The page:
Pelican and Poynter got into a heated exchange that covered a variety of charges and counter charges. Pelican resorted to quoting from printed material including Poynter’s statements from last February, asking why this debt was not put out to vote. Poynter cited the recent example of the FBCC’s agreeing to spend $500K to assist the Humane Society with a new shelter using non-voted funds. Pelican, a supporter of the Humane Society, claimed that was different and had been necessitated because of deferred maintenance.
Corbett jumped in saying that last November two commissioners had been fired because citizens don’t want these improvements. He informed Poynter, “You’re the one who’s up for election in November and we’ll see then.”
Mayor Arlene Filkoff thanked the commissioners for their “civil” discourse and tried to summarize the issue before the vote. She said that Corbett’s motion would mean no money for the Alachua improvements and no money for the library. To that Corbett replied, “Bingo!” She added that the chances of future commissions getting such a favorable interest rate for these projects were zero to none. City Controller Patti Clifford expressed her personal disappointment that these matters were coming up now when they had not surfaced during 6 budget workshops. She reminded commissioners that should they support Corbett’s motion, the FY 2012-13 budget would need to be reworked as will the entire 5-year capital improvement plan.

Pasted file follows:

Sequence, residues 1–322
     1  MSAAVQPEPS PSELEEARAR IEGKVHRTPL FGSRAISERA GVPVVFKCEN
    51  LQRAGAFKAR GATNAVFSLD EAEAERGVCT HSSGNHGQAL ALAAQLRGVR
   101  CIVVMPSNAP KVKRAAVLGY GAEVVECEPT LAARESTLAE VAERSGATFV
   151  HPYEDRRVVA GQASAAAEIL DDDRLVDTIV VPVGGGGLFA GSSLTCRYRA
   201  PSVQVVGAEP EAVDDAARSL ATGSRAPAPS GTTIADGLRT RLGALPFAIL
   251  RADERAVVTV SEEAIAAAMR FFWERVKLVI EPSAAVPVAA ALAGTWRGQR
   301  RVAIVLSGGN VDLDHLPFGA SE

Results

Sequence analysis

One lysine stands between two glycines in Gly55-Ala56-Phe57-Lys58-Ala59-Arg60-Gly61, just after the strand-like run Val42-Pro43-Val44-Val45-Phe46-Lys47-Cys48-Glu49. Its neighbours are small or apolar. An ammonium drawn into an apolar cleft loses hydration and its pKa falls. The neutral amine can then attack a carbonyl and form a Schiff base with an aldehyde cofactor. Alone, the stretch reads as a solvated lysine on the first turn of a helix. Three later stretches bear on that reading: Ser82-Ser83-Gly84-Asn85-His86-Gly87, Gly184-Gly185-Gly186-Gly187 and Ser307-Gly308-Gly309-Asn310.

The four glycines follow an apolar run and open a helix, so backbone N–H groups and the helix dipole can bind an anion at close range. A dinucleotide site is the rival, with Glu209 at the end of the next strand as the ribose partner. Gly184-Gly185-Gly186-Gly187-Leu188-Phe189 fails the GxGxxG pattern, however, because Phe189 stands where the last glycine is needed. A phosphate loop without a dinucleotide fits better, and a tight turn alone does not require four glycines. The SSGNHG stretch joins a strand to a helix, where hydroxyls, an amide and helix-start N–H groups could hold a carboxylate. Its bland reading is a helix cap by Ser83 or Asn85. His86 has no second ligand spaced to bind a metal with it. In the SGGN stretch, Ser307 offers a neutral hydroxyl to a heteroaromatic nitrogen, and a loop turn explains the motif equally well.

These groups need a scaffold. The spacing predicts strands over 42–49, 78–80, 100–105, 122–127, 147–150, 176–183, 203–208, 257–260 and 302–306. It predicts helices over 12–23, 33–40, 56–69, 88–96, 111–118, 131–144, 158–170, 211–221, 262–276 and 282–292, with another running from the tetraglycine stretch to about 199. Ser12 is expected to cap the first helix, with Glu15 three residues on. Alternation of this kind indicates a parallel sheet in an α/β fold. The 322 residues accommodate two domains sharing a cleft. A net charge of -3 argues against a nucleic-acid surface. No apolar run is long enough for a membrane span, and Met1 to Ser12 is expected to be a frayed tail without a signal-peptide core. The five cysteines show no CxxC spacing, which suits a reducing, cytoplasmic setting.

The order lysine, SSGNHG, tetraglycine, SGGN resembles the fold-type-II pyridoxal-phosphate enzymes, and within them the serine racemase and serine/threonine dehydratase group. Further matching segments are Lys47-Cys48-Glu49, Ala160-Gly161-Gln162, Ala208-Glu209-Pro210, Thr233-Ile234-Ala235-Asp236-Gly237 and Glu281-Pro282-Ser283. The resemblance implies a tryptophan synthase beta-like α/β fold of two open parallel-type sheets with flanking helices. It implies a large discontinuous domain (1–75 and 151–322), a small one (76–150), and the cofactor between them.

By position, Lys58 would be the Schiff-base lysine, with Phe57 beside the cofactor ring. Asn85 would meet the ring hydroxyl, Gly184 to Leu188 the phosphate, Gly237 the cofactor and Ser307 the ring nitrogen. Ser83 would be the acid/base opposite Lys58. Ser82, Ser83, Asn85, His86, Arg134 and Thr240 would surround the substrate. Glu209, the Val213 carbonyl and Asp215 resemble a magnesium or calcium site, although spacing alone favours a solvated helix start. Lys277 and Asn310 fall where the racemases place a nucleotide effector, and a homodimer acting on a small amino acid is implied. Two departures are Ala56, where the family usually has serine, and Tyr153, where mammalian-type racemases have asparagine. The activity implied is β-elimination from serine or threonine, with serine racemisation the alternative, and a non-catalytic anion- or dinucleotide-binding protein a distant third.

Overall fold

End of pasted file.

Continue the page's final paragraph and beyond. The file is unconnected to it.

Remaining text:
Mayor Filkoff asked for any final comments, and Robin Lentz rose from the audience to make an impassioned plea to Commissioner Corbett. She talked about the importance of the library to her family and to the entire community. She said that during the last election cycle Corbett had made the community believe that Forward Fernandina was wrong because of his inaccurate portrayal of the plan as taxation without representation. She pleaded with him not to consider giving the money back, to which Corbett responded, “Thank you for your unkind remarks.”
When the vote was taken, it was defeated in a 3-2 vote, with only Corbett and Pelican in opposition.
September 6, 2012 12:32 p.m.